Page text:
While such a common request may not involve smart city technology directly, it is difficult for a city to aspire to use advanced technologies if it doesn’t have sound processes in place for such everyday requests.
“When a call comes into a 311 help desk, think about it as a big call center for your city,” Ramachandran said. In Dallas, the call will touch at least one of its 600 technology systems. The goal should be to address that customer request as efficiently as possible — with the smallest number of technologies possible to get the job done. “We at one point had 14 flavors of asset management solutions,” Ramachandran said. “Imagine from a taxpayer perspective that you’re paying for these 14 systems.”
As cities make growing use of IT technology, the goal often becomes consolidation when possible and interoperability when not.
Not only does this make sense from an efficiency standpoint, but it is also a matter of security, according to Ramachandran. “The more your data is scattered, there is always a potential risk from a security standpoint.”
To develop an integrated approach, Dallas focuses on technology architecture and uses The Open Group Architecture Framework to help identify sound strategies for collecting and sharing data across various city departments. It also devised a technology reference architecture that acts as a filter for data coming into the city’s systems. “If you cannot collect data, then there is no point in talking about how you bring in concepts like BI, AI and so on,” Ramachandran said.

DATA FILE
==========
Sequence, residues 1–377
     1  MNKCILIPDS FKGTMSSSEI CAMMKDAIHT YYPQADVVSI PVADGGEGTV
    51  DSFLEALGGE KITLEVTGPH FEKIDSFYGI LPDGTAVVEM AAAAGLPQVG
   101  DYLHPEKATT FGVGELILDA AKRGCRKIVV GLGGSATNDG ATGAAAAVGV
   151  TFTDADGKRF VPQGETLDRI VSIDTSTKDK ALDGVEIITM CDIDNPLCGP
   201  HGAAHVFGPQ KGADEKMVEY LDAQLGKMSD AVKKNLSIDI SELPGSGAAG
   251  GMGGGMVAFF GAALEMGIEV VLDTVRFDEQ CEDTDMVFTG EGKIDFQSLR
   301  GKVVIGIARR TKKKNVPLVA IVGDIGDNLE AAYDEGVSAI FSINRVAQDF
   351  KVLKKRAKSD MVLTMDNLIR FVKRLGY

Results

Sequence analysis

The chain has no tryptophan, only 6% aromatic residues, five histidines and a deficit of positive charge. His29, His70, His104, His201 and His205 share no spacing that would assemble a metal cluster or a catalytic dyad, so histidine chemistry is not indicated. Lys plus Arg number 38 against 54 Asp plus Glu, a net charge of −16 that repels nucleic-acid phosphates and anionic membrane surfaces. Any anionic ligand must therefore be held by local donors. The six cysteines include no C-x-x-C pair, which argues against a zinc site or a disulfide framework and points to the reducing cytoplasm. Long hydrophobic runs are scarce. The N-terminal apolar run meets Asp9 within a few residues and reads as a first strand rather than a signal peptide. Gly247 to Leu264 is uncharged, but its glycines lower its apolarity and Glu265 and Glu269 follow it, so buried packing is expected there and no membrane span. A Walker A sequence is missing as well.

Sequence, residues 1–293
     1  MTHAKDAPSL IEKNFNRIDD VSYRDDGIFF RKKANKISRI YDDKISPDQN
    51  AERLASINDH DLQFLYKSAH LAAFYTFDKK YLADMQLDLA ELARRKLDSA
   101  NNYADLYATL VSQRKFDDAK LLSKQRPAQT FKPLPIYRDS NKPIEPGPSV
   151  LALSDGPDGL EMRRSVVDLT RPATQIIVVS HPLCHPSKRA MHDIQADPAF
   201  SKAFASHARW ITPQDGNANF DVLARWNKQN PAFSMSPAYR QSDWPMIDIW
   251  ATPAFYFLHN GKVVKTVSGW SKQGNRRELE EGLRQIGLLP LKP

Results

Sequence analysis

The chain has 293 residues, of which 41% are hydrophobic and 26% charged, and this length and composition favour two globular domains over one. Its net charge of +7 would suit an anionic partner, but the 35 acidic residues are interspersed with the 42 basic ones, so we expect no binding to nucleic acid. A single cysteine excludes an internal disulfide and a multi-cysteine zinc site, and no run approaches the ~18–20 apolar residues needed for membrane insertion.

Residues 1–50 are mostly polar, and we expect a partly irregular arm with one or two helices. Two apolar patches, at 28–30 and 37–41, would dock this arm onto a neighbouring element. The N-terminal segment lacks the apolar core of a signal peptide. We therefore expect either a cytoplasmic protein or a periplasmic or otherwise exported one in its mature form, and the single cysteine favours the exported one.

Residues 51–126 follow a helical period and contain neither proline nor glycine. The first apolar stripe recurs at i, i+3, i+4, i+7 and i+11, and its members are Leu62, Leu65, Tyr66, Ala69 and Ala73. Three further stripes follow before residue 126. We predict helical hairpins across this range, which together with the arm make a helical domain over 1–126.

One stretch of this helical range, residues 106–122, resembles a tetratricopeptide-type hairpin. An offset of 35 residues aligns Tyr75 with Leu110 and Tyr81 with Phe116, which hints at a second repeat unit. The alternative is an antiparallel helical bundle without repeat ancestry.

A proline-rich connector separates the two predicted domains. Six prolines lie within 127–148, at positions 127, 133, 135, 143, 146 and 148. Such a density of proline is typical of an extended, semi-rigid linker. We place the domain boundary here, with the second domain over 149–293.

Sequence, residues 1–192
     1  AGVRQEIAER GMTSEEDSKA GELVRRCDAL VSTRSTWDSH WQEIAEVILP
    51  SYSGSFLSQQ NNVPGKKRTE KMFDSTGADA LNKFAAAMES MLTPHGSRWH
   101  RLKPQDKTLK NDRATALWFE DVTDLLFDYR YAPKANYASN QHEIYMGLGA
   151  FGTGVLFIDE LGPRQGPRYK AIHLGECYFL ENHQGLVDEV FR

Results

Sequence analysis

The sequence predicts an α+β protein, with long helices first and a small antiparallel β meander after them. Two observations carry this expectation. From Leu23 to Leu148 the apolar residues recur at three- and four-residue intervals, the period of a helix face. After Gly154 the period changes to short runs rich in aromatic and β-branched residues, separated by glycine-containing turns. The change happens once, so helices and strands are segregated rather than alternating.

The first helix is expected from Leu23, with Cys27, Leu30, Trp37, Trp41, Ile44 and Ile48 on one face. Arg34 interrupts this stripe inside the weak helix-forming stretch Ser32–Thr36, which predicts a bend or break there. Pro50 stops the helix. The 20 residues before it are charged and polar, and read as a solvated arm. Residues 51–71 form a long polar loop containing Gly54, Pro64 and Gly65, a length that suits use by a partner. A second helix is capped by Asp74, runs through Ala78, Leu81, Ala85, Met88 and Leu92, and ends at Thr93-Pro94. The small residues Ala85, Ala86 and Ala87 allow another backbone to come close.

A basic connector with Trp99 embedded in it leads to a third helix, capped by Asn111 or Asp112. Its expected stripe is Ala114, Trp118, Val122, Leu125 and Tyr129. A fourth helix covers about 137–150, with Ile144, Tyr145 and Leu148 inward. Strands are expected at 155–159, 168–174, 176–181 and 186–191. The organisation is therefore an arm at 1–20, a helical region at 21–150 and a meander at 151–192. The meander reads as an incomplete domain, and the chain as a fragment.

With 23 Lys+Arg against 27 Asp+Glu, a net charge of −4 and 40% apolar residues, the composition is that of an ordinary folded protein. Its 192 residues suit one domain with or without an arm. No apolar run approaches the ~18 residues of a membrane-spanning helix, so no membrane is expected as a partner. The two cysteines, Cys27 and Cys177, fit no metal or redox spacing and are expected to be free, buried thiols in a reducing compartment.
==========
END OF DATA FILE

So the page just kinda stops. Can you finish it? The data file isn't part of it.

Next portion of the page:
Ramachandran shared his city’s strategy for data governance in a single sentence: “Know the ‘what,’ know the ‘why,’ and then figure out the ‘how’ that works for everyone.”
Answering such simple-seeming questions requires both focusing on the present and projecting into the future.
“When we’re talking about being smart, we’re talking about being progressive in terms of adopting technology,” Ramachandran said. If city officials lack a vision for what their municipality will look like from a technology perspective two to three years into the future, “that’s definitely going to come back and bite you,” he added. “But you cannot get there without you assessing your ‘as-is’ state. So spend some time around understanding what is that ‘as-is’ state and how that ‘as-is’ state is built so that you can build on top of that foundation.”
Brian is a veteran journalist with more than ten years’ experience covering an array of technologies including the Internet of Things, 3-D printing, and cybersecurity. Before coming to Penton and later Informa, he served as the editor-in-chief of UBM’s Qmed where he overhauled the brand’s news coverage and helped to grow the site’s traffic volume dramatically. He had previously held managing editor roles on the company’s medical device technology publications including European Medical Device Technology (EMDT) and Medical Device & Diagnostics Industry (MD+DI), and had served as editor-in-chief of Medical Product Manufacturing News (MPMN).
At UBM, Brian also worked closely with the company’s events group on speaker selection and direction and played an important role in cementing famed futurist Ray Kurzweil as a keynote speaker at the 2016 Medical Design & Manufacturing West event in Anaheim. An article of his was also prominently on kurzweilai.net, a website dedicated to Kurzweil’s ideas.
Multilingual, Brian has an M.A. degree in German from the University of Oklahoma.
You May Also Like